Advocacy Watch

Welcome to Advocacy Watch, a collaborative effort of Vital Options International and the National Coalition for Cancer Survivorship that presents Group Room listeners with news and information about issues facing cancer survivors and their families.



Advocacy Watch:  Aug 17, 2003
 
 
Medicare Reimbursement for Chemotherapy
-- Bill Schmidt, Chief Operating Officer, National Coalition for Cancer Survivorship
Tomorrow, Monday, August 18th, Congress will return from its August recess and begin debate on two issues that could adversely affect access to cancer care in the near future.

Both issues concern government reimbursement for cancer drugs under Medicare. Both issues require your immediate attention.

One deals with the new class of oral medications that can offer many cancer patients effective therapy, convenient use and enhanced quality of life, but are not covered by Medicare since they're taken orally rather than through traditional intravenous chemotherapy.

The second issue could have even more serious consequences for older adults on Medicare, since Congress is proposing cutting reimbursement for all cancer drugs.

You can do something now to ensure patients have access to quality cancer care. Let Congress know that cutting reimbursement for cancer drugs without making additional adjustments to cover costs for chemotherapy administration and critical cancer support services will only disrupt cancer treatment for older patients.

Contact your representatives and ask them to support provisions in the Access to Cancer Therapies Act and the Quality Cancer Care Preservation Act.


 




Advocacy Watch:  June 15, 2003
 
 
Medicare Reimbursement for Chemotherapy and Critical Cancer Support Services
-- Bill Schmidt, Chief Operating Officer, National Coalition for Cancer Survivorship
Americans are in danger of losing access to the quality cancer care they currently receive from their community oncologists.

Quality cancer care delivered in a local oncologistís office requires reimbursement for both chemotherapy as well as critical cancer support services for patients.

Until now, cancer patients have been able to receive both, but pending Medicare cost-cutting measures under consideration by the U.S. House of Representatives and U.S. Senate pose a real threat to patient care and, if enacted, may result in the closing of some community oncology practices.

This potential disruption of cancer treatment for older patients receiving Medicare can be avoidedóand without any additional federal funding.

You see, the problem is based in the seriously flawed Medicare reimbursement system for cancer care. Medicare currently overpays for chemotherapy but underpays for related professional cancer services. What needs to be done is not cost-cutting for the sake of cost-savings alone, but adjusting the Medicare payment system so itís both fair and balanced.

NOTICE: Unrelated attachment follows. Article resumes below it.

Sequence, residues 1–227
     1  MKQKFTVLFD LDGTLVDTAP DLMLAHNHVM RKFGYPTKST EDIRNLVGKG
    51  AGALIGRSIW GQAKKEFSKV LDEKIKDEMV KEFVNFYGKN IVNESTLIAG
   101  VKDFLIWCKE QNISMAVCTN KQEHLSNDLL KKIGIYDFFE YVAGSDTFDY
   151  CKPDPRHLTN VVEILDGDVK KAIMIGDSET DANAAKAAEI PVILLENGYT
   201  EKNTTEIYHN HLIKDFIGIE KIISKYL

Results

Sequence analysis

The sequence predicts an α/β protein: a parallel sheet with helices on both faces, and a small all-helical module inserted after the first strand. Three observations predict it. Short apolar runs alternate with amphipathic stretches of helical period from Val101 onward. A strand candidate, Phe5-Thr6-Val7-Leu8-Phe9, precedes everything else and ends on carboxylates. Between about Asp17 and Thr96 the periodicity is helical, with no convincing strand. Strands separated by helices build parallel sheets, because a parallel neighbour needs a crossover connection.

Representatives Charles Norwood and Lois Capps have introduced H.R. 1622óThe Quality Cancer Care Preservation Act--that provides for responsible and balanced reform of Medicare reimbursement. Congress will begin discussing this legislation this week.

Thatís why itís important for you to encourage your Congressional representative to support this important legislation now.


 




Advocacy Watch:  May 4, 2003
 
 
Medicare and Medicaid Reimbursement for Oral Chemotherapy
-- Bill Schmidt, Chief Operating Officer, National Coalition for Cancer Survivorship

Government reimbursement for certain cancer drugs hasn't kept up with some of the scientific advances in cancer therapy that have led to the development of new classes of oral medications.

Currently, there are a number of drugs that can offer cancer patients effective therapy, convenient use and enhanced quality of life, but are not covered by Medicare since they are taken orally rather than through traditional intravenous chemotherapy. By 2010, 25 percent of the drugs to treat cancer patients will be taken in oral or pill form.

This doesn't make any sense since it should be easier and less expensive to take drugs orally without having to travel to a doctor's office or hospital setting to receive chemotherapy, but the Centers for Medicare & Medicaid Services (CMS)--the federal agency that oversees Medicare payment--is still basing reimbursement on legislation passed 10 years ago.

It's time to get Congress to enact legislation that's appropriate for the 21st century; encourage your local congressional representative to support HR 1288-the Access to Cancer Therapies Act.




 




 

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